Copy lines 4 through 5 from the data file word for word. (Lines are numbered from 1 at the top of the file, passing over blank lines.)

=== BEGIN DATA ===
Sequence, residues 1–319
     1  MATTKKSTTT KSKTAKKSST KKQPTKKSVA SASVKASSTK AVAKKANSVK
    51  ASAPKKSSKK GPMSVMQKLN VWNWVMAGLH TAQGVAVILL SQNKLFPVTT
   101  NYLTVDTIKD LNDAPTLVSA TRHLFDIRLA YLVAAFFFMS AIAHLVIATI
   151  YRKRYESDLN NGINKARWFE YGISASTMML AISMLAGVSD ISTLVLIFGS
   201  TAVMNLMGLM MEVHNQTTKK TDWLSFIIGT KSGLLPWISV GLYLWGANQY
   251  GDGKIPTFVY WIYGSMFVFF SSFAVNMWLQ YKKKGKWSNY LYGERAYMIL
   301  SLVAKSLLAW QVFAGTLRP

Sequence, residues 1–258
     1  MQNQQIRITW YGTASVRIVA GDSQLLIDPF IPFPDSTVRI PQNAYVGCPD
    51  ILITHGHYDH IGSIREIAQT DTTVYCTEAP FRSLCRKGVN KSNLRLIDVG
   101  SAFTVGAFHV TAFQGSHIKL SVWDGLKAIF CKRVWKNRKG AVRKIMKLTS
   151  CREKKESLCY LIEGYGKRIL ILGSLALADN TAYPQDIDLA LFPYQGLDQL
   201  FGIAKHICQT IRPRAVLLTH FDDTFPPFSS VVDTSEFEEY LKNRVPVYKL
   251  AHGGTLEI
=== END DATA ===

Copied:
   101  NYLTVDTIKD LNDAPTLVSA TRHLFDIRLA YLVAAFFFMS AIAHLVIATI
   151  YRKRYESDLN NGINKARWFE YGISASTMML AISMLAGVSD ISTLVLIFGS